Tauto was especially passionate about overcoming high incarceration rates of Aboriginal people and was deeply involved in the Royal Commission into Aboriginal Deaths in Custody.
In 2015 he was a recipient of a NAIDOC Lifetime Achievement Award.
Tauto worked alongside UAICC South Australia on the “Suicide: It’s No Secret” campaign launched in 2011 which aimed to change the culture of silence around suicide and raise awareness of rising rates of suicide in Aboriginal communities.
He was involved in work towards a treaty between Indigenous and non-Indigenous people in South Australia and served as state chair of the South Australian Aboriginal Justice Advocacy Committee and chair of the Aboriginal Justice Advisory Committee for more than a decade.
UCA President Dr Deidre Palmer, who worked alongside Tauto when she was the South Australia Moderator, paid tribute to his dedication to the marginalised and voiceless.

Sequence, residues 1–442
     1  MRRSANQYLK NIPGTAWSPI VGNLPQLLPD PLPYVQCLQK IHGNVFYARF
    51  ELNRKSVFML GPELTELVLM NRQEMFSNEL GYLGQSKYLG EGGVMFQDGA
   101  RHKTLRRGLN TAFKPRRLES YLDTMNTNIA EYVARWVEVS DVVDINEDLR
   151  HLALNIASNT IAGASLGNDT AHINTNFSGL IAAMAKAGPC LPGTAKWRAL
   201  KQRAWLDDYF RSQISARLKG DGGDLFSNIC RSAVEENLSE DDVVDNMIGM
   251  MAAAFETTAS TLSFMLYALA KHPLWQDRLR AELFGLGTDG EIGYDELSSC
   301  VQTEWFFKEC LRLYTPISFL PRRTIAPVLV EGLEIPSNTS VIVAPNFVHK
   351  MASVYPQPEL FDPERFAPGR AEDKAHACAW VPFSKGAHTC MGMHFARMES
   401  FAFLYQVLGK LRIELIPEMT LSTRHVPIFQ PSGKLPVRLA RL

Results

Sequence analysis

“Tauto was an amazing, passionate advocate, with an enduring commitment to reconciliation and justice for First Peoples. He will be deeply missed,” said Dr Palmer.
“We keep in our prayers Tauto’s family and friends, and all those mourning this great loss.”
UAICC National President Rev. Garry Dronfield said it was a sad time for the nation losing such an inspirational man who persevered in work for justice for Aboriginal people.
“We go forward in the hope that Tauto has inspired other people to continue fighting for justice for First Peoples and that his cause will never be lost.”
“Condolences to his family from UAICC members across the country.”
Rev. Ken Sumner from UAICC South Australia described Tauto as “one of the most dedicated freedom fighters of our time, a true First Nations warrior.”
In a statement shared by The Advertiser newspaper, friends and family have remembered Tauto as a “courageous leader”.
“He was a recognised leader and Elder, he spoke truth to power at times when others felt they were unable to,” the statement said.